According to Bağcı, who expresses that Erdoğan uses the referendum as “a trump at hand”, Erdoğan will continue to give strong messages unless the EU clarify her attitude towards Turkey. Bağcı utters that “The human rights thesis of Europe is no longer valid. If they want to cooperate with Turkey, some arrangements should be made. Turkish people have quite important concerns about the EU membership for a while.”

Bağcı completes his strong criticisms against the EU about the visa problem with the following statements: “Turkey is treated like North Korea. Our professors, businessmen and students are not able to go to Europe. Let Erdoğan hold a referendum and we will see the result. The EU is about to lose Turkey.”


According to Prof. Nail Alkan, from Gazi University, the Department of International Relationships, President Erdoğan, who has succeeded in ameliorating the relationships with the Netherlands and Germany, wants to revise the relationships with the EU. Expressing that the EU never gives Turkey the green light for membership and that the opposition to the EU is sharply increasing, Alkan states that “Turkish people are angry with the EU and Erdoğan makes use of this anger.” Thinking that the EU should clarify her Turkey policy, Alkan suggests that “If clarity is observed, first of all Turkish people will approach the EU more sympathetically. But the EU is ambiguous about Turkey. If an improvement in relationships is desired, the parties have to be clear.”

Alkan states that the referendum option for the EU membership will not be fruitful. Specifying that both sides know that whatever the result of a prospective referendum the EU-Turkey relations would improve, Alkan emphasizes that Erdoğan’s words are mostly concerning the interior politics. Alkan asserts that the EU should take those words serious and give warmer messages to Turkish people.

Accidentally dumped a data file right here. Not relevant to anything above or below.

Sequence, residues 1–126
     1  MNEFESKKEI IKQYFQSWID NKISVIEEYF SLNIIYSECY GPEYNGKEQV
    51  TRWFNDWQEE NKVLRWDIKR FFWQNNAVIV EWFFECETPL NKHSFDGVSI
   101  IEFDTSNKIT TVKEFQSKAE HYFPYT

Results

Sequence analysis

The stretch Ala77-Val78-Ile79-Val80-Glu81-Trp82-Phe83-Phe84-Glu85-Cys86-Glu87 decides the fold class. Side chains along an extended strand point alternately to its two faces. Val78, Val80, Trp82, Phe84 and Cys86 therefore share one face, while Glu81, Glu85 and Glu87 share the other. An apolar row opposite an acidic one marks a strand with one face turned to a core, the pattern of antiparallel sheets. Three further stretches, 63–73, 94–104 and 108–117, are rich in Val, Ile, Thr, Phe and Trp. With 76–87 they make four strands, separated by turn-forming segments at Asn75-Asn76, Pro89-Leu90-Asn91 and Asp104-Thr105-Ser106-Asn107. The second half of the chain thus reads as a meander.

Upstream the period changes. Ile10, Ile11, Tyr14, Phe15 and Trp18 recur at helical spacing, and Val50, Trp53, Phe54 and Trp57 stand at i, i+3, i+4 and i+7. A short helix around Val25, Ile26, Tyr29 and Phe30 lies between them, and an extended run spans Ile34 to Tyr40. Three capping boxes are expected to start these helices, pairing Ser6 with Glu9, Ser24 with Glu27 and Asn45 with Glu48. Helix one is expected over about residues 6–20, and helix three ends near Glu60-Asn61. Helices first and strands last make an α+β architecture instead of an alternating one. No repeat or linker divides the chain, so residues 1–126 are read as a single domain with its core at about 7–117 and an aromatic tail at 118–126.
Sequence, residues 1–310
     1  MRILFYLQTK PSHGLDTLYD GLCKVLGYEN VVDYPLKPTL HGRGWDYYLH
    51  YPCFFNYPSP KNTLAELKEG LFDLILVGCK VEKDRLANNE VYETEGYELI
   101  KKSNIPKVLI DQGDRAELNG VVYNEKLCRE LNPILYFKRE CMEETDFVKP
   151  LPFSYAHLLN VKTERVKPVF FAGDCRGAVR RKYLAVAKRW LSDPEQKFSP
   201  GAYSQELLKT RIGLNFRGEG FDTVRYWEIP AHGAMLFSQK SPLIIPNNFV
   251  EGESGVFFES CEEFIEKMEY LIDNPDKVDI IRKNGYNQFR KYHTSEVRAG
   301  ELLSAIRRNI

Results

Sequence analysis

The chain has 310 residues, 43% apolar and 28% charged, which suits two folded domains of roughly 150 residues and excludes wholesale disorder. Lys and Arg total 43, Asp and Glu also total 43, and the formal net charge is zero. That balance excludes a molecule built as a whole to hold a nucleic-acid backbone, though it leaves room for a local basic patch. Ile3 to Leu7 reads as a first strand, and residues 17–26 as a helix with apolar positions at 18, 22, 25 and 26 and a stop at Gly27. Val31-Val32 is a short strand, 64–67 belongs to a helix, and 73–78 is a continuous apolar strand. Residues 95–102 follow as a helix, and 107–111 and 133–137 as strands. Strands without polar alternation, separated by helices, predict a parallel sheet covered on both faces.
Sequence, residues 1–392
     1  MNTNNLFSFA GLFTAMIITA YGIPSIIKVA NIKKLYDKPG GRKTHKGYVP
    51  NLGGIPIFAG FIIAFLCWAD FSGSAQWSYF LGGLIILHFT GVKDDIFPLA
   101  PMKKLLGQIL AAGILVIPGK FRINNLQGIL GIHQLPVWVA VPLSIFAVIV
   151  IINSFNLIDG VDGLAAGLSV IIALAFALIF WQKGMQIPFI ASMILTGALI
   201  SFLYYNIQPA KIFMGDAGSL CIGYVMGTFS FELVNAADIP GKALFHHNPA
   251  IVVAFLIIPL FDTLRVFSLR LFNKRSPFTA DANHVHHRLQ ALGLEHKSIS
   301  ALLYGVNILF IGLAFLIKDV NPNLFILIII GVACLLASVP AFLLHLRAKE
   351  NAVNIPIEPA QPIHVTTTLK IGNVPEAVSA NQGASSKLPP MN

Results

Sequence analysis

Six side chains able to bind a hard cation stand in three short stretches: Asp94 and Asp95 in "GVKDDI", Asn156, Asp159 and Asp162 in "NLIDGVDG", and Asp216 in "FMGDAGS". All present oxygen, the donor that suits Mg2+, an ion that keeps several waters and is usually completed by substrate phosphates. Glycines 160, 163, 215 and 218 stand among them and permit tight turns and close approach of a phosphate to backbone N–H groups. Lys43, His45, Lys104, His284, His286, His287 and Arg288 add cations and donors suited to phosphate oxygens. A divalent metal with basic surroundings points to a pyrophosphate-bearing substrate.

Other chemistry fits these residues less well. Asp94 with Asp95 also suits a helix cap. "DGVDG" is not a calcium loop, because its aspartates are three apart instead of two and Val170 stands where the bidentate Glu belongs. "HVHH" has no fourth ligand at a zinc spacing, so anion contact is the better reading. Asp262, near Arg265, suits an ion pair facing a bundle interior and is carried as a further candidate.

Turkey, which began to negotiate on full membership with the EU on October 3, 2005, now, at a time in which this process almost ceased, tries to improve her relations with the EU members. The European countries, which see the first periods of 16 year JDP reign as ‘reformist’ and motivate Turkey for membership on all possible occasions, complain about Turkey’s getting far away from the European values in recent years. Freedom of press and expression, rule of law, separation of powers and transparency are the leading issues for the EU’s criticisms about Turkey. Intensifying their criticisms to Turkey during the State of Emergency that was put into practice after the July 15th Coup Attempt, the EU countries shares with their counterparts in Ankara their questions and concerns about the issues such as how the Assembly function under the Presidential Government System, and whether the fundamental rights and liberties would be protected. The EU and Turkish diplomats, who remind that Turkey’s membership to the EU has a history of 60 years, says that “We should be hopeful about the resumption of the negotiation process, but we expect joint efforts from the politicians of both sides.”

Translation : Aydın Ördek